low-carbon

With efforts to achieve the Paris climate change agreements committed in December 2015, Germany has become the first country to approve and release a new long-term plan to reduce CO2 emissions and mitigate the effects of climate change until 2050.

The Climate Protection Plan 2050, was announced by the German Cabinet at the recently held COP22 Climate Summit in Marrakesh, Morocco.

According to Climate Action, this long-term strategy is essential to achieve the Paris Agreement’s target of limiting global warming to 1.5-2 degrees C, and it also set a framework for shorter-term climate goals.

The German Cabinet said: “With the decision to build a new coal-fired power station, the expectation would be to make money in the next 30 years. Against the backdrop of German and international climate protection targets, this is certainly no longer realistic.… The Federal Government wants to provide incentives for investment in climate-friendly technologies, buildings and infrastructure.”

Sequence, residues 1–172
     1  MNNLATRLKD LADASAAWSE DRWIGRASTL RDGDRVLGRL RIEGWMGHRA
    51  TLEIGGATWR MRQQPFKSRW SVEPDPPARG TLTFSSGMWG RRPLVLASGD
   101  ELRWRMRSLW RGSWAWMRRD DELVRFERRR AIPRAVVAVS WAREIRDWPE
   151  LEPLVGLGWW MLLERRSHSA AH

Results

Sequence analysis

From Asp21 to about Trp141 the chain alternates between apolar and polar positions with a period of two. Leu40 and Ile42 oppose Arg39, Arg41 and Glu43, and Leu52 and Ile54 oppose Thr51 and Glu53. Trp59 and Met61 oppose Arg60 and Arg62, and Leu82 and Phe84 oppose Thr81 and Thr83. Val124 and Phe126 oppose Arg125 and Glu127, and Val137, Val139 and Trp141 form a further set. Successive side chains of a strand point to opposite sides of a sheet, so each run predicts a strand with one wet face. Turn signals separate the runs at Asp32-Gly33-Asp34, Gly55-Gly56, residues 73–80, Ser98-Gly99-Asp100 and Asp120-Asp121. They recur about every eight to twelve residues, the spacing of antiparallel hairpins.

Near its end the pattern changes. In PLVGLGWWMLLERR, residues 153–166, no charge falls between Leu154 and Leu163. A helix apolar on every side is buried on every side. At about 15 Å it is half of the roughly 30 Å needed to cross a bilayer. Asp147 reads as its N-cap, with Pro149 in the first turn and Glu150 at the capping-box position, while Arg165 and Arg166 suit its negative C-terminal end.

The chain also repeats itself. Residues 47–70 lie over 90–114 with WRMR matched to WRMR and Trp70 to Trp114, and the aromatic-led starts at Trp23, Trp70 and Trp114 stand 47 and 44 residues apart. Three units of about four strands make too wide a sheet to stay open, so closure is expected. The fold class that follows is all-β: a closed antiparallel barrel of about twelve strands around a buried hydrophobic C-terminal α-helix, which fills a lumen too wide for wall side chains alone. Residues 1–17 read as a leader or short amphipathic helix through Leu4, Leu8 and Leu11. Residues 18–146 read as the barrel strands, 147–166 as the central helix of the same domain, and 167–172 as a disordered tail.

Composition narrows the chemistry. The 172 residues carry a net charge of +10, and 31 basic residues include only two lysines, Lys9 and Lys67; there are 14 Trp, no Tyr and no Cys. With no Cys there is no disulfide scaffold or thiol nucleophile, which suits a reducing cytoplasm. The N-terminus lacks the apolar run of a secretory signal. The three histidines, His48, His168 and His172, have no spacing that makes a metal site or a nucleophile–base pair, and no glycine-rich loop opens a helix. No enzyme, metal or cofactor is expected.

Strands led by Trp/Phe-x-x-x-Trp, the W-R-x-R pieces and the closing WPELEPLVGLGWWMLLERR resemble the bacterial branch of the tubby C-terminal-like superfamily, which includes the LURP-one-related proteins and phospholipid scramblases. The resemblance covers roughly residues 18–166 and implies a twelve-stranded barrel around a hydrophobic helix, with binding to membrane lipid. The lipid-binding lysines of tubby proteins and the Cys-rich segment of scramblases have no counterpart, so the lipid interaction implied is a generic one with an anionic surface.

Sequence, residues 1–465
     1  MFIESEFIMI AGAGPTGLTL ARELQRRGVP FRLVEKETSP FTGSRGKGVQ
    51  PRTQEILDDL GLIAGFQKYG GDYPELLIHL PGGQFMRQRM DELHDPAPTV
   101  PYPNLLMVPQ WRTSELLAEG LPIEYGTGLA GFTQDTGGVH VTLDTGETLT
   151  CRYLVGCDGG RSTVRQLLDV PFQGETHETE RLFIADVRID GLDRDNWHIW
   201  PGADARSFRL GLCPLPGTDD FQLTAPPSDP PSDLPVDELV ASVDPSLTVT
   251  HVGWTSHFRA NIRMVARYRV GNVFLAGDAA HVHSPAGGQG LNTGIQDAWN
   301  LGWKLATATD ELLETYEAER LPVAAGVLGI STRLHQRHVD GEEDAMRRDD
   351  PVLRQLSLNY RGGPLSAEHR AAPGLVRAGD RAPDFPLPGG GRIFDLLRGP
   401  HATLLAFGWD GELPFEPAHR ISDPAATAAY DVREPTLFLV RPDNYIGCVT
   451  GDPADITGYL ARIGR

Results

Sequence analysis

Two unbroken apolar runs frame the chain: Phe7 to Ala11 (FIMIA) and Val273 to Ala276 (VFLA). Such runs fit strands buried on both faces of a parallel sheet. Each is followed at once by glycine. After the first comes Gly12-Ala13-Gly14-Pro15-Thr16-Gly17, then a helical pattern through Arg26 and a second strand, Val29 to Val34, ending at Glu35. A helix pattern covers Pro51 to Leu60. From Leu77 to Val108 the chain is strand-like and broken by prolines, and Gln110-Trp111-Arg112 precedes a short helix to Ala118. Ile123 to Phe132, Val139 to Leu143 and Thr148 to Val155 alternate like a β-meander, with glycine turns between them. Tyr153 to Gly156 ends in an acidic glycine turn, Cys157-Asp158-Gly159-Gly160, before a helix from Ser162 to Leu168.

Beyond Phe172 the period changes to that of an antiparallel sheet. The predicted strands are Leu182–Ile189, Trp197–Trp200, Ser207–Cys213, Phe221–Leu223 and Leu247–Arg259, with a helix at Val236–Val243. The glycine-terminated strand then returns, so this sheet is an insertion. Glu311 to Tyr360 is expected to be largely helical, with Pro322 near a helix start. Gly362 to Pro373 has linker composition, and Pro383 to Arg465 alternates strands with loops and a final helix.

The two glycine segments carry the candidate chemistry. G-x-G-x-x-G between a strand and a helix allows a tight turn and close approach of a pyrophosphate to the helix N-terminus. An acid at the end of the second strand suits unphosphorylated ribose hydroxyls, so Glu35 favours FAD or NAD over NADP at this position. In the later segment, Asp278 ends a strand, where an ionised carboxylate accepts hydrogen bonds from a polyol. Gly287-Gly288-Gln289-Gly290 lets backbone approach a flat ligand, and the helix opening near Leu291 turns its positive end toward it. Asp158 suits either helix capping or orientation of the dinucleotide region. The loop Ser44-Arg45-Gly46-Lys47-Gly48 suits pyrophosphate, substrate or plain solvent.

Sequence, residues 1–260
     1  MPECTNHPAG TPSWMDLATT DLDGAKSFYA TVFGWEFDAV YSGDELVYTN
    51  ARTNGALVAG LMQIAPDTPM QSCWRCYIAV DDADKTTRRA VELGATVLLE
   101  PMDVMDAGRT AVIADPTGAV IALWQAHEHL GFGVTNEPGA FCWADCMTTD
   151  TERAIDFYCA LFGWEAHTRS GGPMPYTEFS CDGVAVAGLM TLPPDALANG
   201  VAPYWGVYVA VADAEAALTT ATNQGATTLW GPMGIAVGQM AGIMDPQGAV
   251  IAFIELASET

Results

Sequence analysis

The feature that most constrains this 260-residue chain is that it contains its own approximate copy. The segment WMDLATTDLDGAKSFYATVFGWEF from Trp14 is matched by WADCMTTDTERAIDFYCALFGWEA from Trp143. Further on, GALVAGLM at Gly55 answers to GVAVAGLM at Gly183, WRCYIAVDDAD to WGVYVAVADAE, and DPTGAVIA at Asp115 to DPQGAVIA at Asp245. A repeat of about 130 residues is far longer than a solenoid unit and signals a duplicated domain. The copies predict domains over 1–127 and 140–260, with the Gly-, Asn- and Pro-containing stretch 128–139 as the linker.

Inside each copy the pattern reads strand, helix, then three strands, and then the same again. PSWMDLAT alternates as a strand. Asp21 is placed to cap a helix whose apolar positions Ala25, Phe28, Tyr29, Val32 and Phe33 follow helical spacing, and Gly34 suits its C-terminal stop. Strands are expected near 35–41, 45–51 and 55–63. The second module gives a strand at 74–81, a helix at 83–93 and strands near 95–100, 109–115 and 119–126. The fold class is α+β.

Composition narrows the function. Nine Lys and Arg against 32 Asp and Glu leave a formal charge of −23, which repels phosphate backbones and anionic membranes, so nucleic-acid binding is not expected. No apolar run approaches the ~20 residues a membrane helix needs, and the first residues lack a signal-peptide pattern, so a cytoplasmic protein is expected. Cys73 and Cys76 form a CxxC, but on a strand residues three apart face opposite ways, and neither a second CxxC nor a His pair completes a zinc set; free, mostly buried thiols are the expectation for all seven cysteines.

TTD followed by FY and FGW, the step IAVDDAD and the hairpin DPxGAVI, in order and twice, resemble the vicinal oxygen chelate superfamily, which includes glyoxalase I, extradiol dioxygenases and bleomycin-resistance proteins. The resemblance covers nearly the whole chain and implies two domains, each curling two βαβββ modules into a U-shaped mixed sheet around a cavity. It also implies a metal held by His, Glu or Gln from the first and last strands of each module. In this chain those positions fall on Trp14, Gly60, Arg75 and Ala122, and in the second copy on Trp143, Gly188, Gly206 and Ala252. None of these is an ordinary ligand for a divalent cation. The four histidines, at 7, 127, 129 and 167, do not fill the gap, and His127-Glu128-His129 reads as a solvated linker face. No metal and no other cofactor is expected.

CO2 reduction plan

Climate Action reported that the new plan specifies new greenhouse gas (GHG) reduction targets per sector: 61 to 62% reduction from 1990 levels by 2030 for the energy sector, 66 to 67% for buildings, 40 to 42% for transport, 49 to 51% for industry, 31 to 34% for agriculture and 87% for ‘other’.

“The plan also looks at the different economic sectors separately, including the need for climate-neutral buildings, building energy standards and renewable heating systems, and the need for low-carbon infrastructure and electric mobility,” Climate Action said.

Adding: “There have been criticisms about the lack of clarity on some issues, such as the lack of specific dates by which coal will be phased out, or the lack of specific measures to achieve the new targets.

“Thanks to an annual report, the progress of the GHG reduction plan will be monitored, in order for the country to adjust anything that needs to be changed on a yearly basis.”

R&D critical to expansion

Research and development will be central to the implementation of the plan, and the plan will be updated regularly according to technical progress and economic development.

It is hoped that the example of Germany will encourage other nations to develop and release their long-term climate action plans.

In addition, Chancellor Merkel has initiated the German energy transition – the Energiewende, which involves a shift from nuclear and fossil fuels to renewables after the Fukushima accident, Climate Action noted.